Not just fiddling about: Lee finds success as violinist

Sophomore+Hannah+Lee+studies+sheet+music+for+an+upcoming+performance.+A+talented+violinist%2C+Lee+plays+in+both+NC%E2%80%99s+chamber+orchestra+and+the+Georgia+Youth+Symphony+Orchestra+%28GYSO%29.+%E2%80%9CDon%E2%80%99t+give+up%2C+even+though+you+feel+like+it%E2%80%99s+really+hard.+Just+keep+practicing%2C+and+your+hard+work+will+pay+off%2C%E2%80%9D+Lee+said.
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Not just fiddling about: Lee finds success as violinist

Sophomore Hannah Lee studies sheet music for an upcoming performance. A talented violinist, Lee plays in both NC’s chamber orchestra and the Georgia Youth Symphony Orchestra (GYSO). “Don’t give up, even though you feel like it’s really hard. Just keep practicing, and your hard work will pay off,” Lee said.

Sophomore Hannah Lee studies sheet music for an upcoming performance. A talented violinist, Lee plays in both NC’s chamber orchestra and the Georgia Youth Symphony Orchestra (GYSO). “Don’t give up, even though you feel like it’s really hard. Just keep practicing, and your hard work will pay off,” Lee said.

Haley Kish

Sophomore Hannah Lee studies sheet music for an upcoming performance. A talented violinist, Lee plays in both NC’s chamber orchestra and the Georgia Youth Symphony Orchestra (GYSO). “Don’t give up, even though you feel like it’s really hard. Just keep practicing, and your hard work will pay off,” Lee said.

Haley Kish

Haley Kish

Sophomore Hannah Lee studies sheet music for an upcoming performance. A talented violinist, Lee plays in both NC’s chamber orchestra and the Georgia Youth Symphony Orchestra (GYSO). “Don’t give up, even though you feel like it’s really hard. Just keep practicing, and your hard work will pay off,” Lee said.

Harrison Glaze, Blogs Editor

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The modern violin first appeared in Renaissance Italy, possibly around 1530. Derived largely from Byzantine and Arab influences, the instrument went on to become a staple of Western classical music, spreading from Italy throughout Europe and eventually the world. It has since come to form a cornerstone of styles as diverse as Russian classical music, Irish folk, and American country; it also now serves as the instrument of choice for one talented Warrior, sophomore Hannah Lee.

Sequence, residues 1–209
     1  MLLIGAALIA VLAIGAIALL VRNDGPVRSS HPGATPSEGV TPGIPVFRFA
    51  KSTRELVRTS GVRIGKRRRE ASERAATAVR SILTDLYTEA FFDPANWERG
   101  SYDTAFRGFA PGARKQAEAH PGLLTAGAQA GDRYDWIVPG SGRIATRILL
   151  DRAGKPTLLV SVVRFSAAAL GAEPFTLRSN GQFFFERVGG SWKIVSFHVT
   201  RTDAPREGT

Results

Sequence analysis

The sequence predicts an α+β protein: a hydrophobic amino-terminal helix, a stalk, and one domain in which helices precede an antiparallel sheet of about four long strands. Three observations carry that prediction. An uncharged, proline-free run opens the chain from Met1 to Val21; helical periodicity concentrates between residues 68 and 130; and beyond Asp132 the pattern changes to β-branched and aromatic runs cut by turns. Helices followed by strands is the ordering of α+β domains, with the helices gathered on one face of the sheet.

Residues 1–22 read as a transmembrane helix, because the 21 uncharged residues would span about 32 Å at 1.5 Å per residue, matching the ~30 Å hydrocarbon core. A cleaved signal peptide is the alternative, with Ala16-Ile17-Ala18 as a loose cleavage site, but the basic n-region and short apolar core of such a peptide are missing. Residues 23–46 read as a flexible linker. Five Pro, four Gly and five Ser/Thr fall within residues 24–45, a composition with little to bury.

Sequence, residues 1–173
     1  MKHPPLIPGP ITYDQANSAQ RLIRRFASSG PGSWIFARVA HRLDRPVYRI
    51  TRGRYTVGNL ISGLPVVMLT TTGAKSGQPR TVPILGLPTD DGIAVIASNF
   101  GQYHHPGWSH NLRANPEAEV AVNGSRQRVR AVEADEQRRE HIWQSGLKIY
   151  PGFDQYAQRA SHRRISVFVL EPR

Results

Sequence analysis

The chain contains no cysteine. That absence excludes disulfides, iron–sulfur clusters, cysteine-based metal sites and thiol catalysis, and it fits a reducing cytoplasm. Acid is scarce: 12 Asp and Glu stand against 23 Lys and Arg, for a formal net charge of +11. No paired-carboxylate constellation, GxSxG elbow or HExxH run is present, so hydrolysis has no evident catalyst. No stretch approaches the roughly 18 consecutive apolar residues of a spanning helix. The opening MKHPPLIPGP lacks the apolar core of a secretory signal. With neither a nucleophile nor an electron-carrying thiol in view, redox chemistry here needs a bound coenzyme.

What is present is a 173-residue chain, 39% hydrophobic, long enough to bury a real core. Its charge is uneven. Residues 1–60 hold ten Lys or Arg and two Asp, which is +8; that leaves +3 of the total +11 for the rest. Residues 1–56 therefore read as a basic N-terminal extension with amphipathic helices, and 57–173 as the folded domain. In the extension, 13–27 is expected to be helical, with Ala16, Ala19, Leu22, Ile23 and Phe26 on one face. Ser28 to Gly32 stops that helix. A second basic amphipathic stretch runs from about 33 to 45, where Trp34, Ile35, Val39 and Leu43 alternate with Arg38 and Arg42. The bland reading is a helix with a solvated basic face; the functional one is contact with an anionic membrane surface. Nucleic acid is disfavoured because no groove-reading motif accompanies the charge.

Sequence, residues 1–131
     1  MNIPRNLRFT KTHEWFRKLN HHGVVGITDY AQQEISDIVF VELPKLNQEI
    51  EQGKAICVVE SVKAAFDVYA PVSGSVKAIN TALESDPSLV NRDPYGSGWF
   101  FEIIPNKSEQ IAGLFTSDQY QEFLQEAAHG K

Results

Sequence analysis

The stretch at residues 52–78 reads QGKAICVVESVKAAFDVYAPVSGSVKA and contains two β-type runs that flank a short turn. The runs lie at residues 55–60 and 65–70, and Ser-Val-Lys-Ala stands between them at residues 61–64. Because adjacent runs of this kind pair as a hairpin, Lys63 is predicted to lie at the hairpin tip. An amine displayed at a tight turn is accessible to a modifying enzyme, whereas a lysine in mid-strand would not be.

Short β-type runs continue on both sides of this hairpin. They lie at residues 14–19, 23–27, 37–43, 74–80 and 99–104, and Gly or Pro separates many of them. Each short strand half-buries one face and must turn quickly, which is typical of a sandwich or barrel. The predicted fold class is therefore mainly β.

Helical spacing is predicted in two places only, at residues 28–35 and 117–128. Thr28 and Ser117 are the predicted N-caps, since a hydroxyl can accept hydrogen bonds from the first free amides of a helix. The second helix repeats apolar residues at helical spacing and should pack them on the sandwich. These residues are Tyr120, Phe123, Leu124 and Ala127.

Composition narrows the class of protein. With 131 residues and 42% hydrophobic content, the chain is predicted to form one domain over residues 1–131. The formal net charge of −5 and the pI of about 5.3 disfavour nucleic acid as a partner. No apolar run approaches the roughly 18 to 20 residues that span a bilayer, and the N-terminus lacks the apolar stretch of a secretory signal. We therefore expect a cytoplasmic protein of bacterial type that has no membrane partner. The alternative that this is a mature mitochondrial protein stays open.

“I started playing violin when I was in third grade. At first, I was really into the beauty of the instrument, but then as I grew up I really enjoyed the sound, and now I love music so much. I started lessons halfway through third grade, and then I auditioned for GYSO, which is the Georgia Youth Symphony Orchestra, in fourth grade. That was the first time I’ve really played in an orchestra, and that really got me into music. I started practicing a lot more after I joined GYSO,” Lee said.

From the start, then, Lee sought out opportunities to grow her musical career. Now, in her eighth year as part of GYSO, she continues to maintain involvement with the group. Simultaneously, she also began to pursue music within a school context as soon as the chance became available.

“In sixth grade and all throughout middle school, I did the all-state orchestra, and then I did honor orchestra as well,” Lee said.

Typically, students arriving at NC begin by playing in the specially designated freshman orchestra. Lee, though, took a different route. Drawing on her years of experience as a violinist, she earned herself a place in NC’s chamber orchestra—the most prestigious orchestra group at the school—while still a high school freshman.

“In eighth grade, I emailed [NC orchestra director] Dr. K, and I asked her if I could audition for chamber, and she was like, ‘Sure! Just send a recording of yourself playing scales and a couple of excerpts from the all-state orchestra for middle school.’ And so I auditioned,” Lee said.

Since becoming a Warrior, Lee continues to challenge herself to grow as a musician.

“My sight reading has gotten so much better, and I was chosen as concertmaster for the all-state orchestra,” Lee said.

The concertmaster, who leads an orchestra’s first-violin section, serves as the leader of the orchestra’s players as a whole and a musical intermediary between musicians and the conductor. The position’s holder thus takes on the hefty—and daunting—responsibility of ensuring an entire orchestra’s success.

“[The promotion] happened this year, a month ago. I was not expecting it at all. The auditions were actually delayed three hours, so I was there for like four hours. The excerpts went pretty well, but the sight reading was really hard,” Lee said.

Earlier this spring, Lee took up the new position, spending days performing at all-state with fellow student musicians from orchestras throughout the state.

“It was really fun getting to know different people from different schools all over Georgia, and it really helped me increase my leadership skills and strengthen my cueing and everything,” Lee said.

An enthusiast of the Russian Romantic composer Pyotr Ilyich Tchaikovsky, Lee cites his works as among her favorite pieces to perform, along with Austrian composer Franz von Suppé’s comic operetta The Poet and the Peasant. She says that her fellow musicians serve as a constant source of inspiration.

“I love meeting other musicians from around Georgia who share my passion of music. That really motivates me to practice a lot for my auditions so that I can do my best and hopefully get in,” Lee said.

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